You can now use mozregression following the Quick Start steps in the documentation but basically it boils down to indicating a good and a bad date for Firefox and the bad date is optional, so if you found a regression in Nightly that you know didn’t exist in say Firefox 49, launching mozregression is as easy as:

mozregression --good 49 

Then test the nightly builds that mozregression downloads for you and indicate in the terminal ‘good’ or ‘bad’ for every build you try until the regression is found and you will get a message such as:

INFO: Last good revision: e3cff5e3ae3cc1b20d4861e7934e54c9e407a750
INFO: First bad revision: 5194eeb6ca2d34b5fca72d2a78d6a9ec95a36763
INFO: Pushlog:
https://hg.mozilla.org/integration/autoland/pushloghtml?fromchange=e3cff5e3ae3cc1b20d4861e7934e54c9e407a750&tochange=5194eeb6ca2d34b5fca72d2a78d6a9ec95a36763

INFO: Looks like the following bug has the changes which introduced the regression:
https://bugzilla.mozilla.org/show_bug.cgi?id=1296280

The above text is what you should paste in the bug (for the record, this specific example is copied from bug 1307060), this is the information that will make your bug report actionable by a developer.

In a nutshell

Mozregression is a tool that allows power-users with no development skills to participate actively in the development of Firefox.

Providing such information to developers saves them a lot of time and most importantly, it allows bugzilla triagers to put the right developers in copy of the bug (“Hey Anne, it seems your patch in Bug XXX caused the regression described in this bug, could you have a look please?”)

Being a developer is not the only way you can help Firefox being a better browser, any advanced user able to use a terminal on his machine can participate, so don’t hesitate, file bugs and become a regression range finder!

4 comments on “Found a regression in Firefox? Give us details with mozregression!”

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  1. Francois Marier wrote on

    On Debian, you also need the following:

    echo ‘. /usr/share/virtualenvwrapper/virtualenvwrapper_lazy.sh’ >> ~/.bashrc

    just before:

    echo ‘export WORKON_HOME=~/.virtualenvs’ >> ~/.bashrc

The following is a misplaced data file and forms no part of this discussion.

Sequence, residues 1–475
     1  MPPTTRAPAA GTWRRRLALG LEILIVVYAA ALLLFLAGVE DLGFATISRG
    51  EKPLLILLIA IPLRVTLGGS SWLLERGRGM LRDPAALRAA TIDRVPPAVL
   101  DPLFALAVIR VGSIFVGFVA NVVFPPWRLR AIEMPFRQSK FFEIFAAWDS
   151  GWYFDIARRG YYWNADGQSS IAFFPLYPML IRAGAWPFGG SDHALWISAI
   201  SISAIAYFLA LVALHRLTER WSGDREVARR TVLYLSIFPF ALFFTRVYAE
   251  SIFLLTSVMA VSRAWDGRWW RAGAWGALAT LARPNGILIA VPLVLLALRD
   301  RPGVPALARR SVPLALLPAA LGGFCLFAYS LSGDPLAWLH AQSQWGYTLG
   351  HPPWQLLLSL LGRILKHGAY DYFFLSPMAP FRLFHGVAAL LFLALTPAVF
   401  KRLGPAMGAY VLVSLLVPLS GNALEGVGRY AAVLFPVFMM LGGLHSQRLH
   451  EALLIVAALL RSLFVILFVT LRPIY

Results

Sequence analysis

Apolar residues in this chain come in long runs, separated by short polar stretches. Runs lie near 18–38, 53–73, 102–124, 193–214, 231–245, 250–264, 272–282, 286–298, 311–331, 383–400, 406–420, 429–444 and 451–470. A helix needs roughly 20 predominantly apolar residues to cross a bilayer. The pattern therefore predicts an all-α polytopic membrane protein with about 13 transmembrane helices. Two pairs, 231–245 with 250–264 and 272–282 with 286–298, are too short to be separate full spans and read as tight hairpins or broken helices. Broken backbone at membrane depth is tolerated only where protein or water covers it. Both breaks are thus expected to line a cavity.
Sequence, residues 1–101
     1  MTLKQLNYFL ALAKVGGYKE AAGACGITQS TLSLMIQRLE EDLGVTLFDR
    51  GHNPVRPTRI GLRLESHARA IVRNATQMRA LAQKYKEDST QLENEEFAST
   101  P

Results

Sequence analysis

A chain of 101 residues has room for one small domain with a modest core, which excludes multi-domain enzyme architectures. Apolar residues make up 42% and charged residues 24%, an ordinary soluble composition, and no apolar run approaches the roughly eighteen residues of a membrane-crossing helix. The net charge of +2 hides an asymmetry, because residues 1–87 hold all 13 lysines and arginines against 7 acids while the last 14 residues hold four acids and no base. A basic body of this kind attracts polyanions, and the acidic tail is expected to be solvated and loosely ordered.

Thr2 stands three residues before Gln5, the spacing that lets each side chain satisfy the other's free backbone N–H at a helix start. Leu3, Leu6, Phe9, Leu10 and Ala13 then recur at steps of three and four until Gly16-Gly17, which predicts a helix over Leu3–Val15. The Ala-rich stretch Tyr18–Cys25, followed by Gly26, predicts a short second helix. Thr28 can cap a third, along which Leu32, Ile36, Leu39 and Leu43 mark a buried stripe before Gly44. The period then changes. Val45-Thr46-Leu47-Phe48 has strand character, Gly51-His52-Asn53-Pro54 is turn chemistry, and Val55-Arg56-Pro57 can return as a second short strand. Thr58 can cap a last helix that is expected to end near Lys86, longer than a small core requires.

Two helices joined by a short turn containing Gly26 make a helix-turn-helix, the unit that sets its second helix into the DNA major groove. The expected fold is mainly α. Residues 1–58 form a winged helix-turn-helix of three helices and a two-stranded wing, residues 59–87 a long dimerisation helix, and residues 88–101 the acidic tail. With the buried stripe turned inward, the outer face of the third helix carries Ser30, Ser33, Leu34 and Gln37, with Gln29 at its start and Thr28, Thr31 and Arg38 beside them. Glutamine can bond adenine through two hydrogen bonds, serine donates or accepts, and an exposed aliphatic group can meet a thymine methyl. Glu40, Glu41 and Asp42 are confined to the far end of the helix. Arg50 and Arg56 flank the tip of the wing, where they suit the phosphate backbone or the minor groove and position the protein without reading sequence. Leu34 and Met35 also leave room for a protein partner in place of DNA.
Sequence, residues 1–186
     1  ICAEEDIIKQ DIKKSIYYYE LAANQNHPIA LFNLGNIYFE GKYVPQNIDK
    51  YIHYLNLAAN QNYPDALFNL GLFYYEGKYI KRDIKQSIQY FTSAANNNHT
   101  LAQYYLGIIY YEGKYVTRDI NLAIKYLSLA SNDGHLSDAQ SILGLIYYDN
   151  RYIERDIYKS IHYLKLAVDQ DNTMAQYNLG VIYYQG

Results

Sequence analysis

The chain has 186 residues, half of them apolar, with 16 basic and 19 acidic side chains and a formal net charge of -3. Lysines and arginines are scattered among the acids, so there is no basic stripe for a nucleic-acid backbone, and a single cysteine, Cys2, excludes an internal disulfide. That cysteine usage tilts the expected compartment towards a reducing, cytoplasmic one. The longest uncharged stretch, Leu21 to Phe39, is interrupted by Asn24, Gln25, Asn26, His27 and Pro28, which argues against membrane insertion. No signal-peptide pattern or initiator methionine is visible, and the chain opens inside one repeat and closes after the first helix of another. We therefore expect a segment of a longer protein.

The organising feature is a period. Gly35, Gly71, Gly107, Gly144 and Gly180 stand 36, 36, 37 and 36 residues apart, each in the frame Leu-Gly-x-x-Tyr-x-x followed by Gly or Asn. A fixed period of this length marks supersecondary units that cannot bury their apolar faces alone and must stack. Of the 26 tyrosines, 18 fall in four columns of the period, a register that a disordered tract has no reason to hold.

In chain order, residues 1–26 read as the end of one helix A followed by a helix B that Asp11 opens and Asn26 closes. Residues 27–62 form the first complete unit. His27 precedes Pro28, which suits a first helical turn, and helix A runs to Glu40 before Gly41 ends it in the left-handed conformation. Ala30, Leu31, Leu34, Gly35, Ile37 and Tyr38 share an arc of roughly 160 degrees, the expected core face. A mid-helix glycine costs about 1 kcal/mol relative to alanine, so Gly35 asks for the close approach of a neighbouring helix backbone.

Reply

  2. Skater Magee wrote on

    This is a terrible half-assed system.. It sounds great for the devs but that’s it. As a user, I want to report when devs make a terrible update (which removes functionality for popular websites or glitches the display of normal web pages). Next time release this in the form of a clickable button which operates as system restore for nightly.

    Reply

    1. Pascal Chevrel wrote on

      I think you are not understanding who this tool is for. This is a tool targeting our core contributors community that use Nightly, a pre-alpha version of Firefox, so as to help developpers. This is NOT a tool for end-users and it is not meant as a way to restore your browser at all (go to about:support and click on “Refresh Firefox” for that purpose). If you are using Nightly with the idea that it is a final product, I am afraid you made a mistake and should use a final version of Firefox (get it on mozilla.org/firefox). Nightly targets the Open Source community that wants to follow technical progress on a day to day basis and help Mozilla maintain existing quality while developers add new features, it should not be your main browser if you are just a user.

      Reply

  3. Wellington Torrejais da Silva wrote on

    Nice tool.
    Yes, It’s hard to install but still good.

    I will try to use this to test some bugs.

    Deb package should be a good idea for this install example, isn’t be?

    Thanks!

    Reply